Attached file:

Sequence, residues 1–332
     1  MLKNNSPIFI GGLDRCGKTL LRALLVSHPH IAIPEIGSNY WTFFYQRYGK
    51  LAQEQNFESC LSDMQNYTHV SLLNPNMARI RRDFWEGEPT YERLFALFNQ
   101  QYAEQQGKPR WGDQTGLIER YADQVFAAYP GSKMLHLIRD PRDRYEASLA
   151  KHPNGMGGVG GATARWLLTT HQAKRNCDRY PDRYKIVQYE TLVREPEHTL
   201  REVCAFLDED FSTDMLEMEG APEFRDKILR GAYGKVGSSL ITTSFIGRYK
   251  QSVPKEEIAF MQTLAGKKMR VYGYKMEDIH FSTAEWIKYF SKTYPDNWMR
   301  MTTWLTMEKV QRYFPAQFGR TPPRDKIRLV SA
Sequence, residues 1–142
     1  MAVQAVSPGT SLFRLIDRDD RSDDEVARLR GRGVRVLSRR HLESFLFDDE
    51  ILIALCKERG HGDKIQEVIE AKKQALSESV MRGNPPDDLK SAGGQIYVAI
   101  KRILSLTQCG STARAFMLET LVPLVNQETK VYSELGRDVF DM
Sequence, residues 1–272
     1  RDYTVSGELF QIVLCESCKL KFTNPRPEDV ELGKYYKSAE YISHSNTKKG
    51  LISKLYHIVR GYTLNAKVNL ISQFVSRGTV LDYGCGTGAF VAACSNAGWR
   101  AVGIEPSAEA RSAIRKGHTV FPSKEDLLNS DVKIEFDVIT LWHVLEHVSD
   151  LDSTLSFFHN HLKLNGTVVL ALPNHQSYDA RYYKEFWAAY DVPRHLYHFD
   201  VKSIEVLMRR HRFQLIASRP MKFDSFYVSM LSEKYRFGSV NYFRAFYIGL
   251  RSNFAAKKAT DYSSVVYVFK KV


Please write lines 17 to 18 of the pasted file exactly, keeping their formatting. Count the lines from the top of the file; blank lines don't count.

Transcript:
   151  LDSTLSFFHN HLKLNGTVVL ALPNHQSYDA RYYKEFWAAY DVPRHLYHFD
   201  VKSIEVLMRR HRFQLIASRP MKFDSFYVSM LSEKYRFGSV NYFRAFYIGL